Ethiopia, FAO presents its response plan against the worst drought in decades

One of the worst droughts in Ethiopia’s history is having devastating effects on agriculture and livestock, whilst millions of people face food insecurity.

The idea of helping people “on site” so that they decide to remain in their country rather than migrating towards European coasts is increasingly catching on. After all, this would satisfy both those who want to protect their national borders and those who have a solidarity spirit and believe in international cooperation. Thus, why don’t we start by talking about what’s happening in Ethiopia, one of the countries of the Horn of Africa?


The worst drought in decades

The El Nino pattern – linked to increased ocean temperatures and that influences global weather and climate – is causing one of the worst and longest droughts in the African country’s history that is destroying crops and decimating livestock. It’s the worst drought in 30 years. In fact, 10 million Ethiopians (out of a population of 94 million) are now forced to live in conditions of severe food insecurity. This situation has been denounced by the United Nations Food and Agriculture Organisation (FAO) that has also presented a response plan to face such emergency.


“The outlook for 2016 is very grim,” said Amadou Allahoury, FAO Representative for Ethiopia. “Continued drought throughout the beginning of 2016 also means pasture will become even more scarce, which will negatively impact livestock keepers that rely on those grazing lands and water points for their food security.”


50 million dollars to get started

The 50-million-dollar plan aimed to protect livestock and recover agricultural production should assist 1.8 million workers. But it’s only the first step towards normality. Cultivated lands registered crop reduction by 50%, with peaks up to 90%, which blocked the economy of entire Ethiopian regions. Moreover, the lack of rainfalls has already caused the death of hundreds of thousands of farm animals.




During the Meher season, between January and June, over 130,000 households are expected to be assisted, by receiving seeds and participating in the construction of small-scale irrigation plants aimed to create lots of small domestic gardens that will be managed by women. It’s a way to empower households and give them access to microcredit services.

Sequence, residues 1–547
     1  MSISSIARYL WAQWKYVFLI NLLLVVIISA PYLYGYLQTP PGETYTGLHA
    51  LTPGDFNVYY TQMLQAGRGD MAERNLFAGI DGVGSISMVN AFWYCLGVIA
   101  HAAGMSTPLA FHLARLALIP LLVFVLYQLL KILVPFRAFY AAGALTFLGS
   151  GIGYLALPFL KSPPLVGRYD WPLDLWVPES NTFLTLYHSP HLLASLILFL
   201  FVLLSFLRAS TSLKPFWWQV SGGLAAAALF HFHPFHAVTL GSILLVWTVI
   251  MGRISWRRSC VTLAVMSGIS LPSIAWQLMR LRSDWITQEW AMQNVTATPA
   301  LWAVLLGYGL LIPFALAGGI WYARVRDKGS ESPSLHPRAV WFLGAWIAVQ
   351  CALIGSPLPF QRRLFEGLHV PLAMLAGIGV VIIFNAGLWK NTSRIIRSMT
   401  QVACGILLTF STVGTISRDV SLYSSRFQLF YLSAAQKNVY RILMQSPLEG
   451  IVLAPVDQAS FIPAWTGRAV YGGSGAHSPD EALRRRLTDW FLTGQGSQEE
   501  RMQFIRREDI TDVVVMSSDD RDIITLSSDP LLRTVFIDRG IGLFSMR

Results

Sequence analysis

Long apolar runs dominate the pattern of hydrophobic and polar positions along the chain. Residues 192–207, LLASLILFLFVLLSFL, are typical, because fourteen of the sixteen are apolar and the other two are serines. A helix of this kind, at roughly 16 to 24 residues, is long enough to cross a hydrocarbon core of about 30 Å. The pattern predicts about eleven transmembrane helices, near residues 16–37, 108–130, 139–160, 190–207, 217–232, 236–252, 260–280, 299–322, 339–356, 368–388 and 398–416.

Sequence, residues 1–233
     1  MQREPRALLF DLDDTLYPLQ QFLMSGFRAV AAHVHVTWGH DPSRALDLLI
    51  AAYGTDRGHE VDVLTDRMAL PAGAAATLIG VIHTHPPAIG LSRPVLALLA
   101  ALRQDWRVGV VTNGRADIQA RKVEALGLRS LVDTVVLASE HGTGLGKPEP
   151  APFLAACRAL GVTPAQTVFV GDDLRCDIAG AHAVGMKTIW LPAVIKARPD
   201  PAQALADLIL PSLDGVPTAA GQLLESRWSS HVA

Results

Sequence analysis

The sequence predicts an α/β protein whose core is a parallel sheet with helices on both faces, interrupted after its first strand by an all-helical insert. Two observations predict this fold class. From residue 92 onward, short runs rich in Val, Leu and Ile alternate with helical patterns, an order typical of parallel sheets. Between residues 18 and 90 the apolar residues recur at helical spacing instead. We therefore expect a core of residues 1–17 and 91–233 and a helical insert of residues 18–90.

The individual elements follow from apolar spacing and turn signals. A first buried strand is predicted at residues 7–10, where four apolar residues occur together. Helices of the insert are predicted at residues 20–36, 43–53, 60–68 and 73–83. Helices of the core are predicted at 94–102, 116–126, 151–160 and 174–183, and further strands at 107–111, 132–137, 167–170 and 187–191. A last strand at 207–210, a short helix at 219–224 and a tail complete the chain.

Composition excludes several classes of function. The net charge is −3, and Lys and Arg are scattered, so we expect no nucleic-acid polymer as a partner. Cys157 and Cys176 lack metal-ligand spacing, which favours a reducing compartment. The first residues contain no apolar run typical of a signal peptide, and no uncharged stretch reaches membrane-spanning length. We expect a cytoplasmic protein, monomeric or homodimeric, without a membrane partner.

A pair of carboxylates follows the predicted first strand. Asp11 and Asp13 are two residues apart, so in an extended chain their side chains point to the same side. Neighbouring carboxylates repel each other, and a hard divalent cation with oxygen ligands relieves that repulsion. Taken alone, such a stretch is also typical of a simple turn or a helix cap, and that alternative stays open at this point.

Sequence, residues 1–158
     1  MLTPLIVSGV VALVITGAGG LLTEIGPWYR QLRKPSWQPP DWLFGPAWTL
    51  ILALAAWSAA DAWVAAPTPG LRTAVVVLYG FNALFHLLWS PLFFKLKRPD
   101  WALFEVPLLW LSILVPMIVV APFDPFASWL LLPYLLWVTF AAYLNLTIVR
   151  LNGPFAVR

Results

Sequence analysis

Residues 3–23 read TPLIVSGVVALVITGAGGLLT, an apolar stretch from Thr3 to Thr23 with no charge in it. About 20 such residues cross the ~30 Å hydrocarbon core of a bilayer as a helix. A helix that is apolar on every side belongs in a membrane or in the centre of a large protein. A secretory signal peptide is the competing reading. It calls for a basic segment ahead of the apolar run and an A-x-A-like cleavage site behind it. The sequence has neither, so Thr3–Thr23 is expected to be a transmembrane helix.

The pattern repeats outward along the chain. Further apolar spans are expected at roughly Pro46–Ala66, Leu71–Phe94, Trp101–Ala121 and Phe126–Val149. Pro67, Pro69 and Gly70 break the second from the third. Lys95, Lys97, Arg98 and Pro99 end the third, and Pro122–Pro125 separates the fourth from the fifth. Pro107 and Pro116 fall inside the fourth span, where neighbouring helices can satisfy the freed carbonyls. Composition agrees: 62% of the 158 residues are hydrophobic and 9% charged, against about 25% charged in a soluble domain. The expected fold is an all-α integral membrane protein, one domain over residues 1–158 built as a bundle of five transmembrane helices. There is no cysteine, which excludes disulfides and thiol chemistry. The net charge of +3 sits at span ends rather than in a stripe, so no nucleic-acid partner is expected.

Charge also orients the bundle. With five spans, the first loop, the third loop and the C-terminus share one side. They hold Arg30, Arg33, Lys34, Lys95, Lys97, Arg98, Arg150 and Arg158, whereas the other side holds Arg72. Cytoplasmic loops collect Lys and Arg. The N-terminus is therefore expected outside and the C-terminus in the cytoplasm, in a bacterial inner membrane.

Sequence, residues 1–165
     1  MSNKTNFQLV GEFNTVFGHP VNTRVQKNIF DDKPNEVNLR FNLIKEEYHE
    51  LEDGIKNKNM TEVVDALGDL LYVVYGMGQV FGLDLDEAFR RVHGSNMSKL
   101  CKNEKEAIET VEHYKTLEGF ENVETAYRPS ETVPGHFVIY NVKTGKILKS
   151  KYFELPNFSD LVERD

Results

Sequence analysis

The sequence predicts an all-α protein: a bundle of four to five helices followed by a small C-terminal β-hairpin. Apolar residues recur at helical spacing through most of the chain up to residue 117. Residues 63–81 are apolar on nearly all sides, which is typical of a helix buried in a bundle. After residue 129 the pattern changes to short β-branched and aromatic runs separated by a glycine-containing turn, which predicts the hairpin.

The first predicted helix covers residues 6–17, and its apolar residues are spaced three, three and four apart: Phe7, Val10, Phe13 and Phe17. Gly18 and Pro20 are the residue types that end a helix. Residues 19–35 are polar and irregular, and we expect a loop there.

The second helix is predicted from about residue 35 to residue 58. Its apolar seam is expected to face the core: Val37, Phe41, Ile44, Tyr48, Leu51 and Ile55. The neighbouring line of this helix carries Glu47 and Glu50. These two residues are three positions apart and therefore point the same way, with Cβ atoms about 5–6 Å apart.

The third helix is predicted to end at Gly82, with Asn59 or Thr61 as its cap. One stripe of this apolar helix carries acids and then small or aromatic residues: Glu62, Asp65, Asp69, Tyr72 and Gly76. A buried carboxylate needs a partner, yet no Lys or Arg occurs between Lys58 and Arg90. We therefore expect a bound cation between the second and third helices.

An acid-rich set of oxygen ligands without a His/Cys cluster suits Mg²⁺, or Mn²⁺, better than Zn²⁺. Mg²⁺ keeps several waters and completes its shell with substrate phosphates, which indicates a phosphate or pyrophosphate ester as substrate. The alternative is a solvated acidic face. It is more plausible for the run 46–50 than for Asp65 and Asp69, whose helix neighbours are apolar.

A death is significant even if it takes place in Ethiopia, not just in the Mediterranean

One of the main objectives according to the FAO is rebuilding local markets in order to improve seeds quality, as well as to ease food and animal feed distribution in case of emergency. It’s a way to contribute to the development of local communities’ resilience to phenomena like desertification, which is becoming an even more significant threat due to global warming. Acting in Ethiopia means starting to implement what has been pledged at the Paris Climate Change Conference, using a small part of 100 billion dollars a year (far from 50 million) to help developing countries to adapt to climate change and face (more or less) natural disasters.


However, the FAO can’t do everything on its own. Governments of western countries, which have been trying to respond to the increased flow of refugees for months, should start to figure out which are the causes that push thousands of people to risk their own lives. Because a death is significant even if it takes place in Ethiopia, not just in the Mediterranean. One of these reasons is that the life they’re fleeing would have no future. It’s not only about the lack of jobs or personal growth. It’s all about the fact that their country falls short of some of the factors essential to survival: food, water, and life itself.

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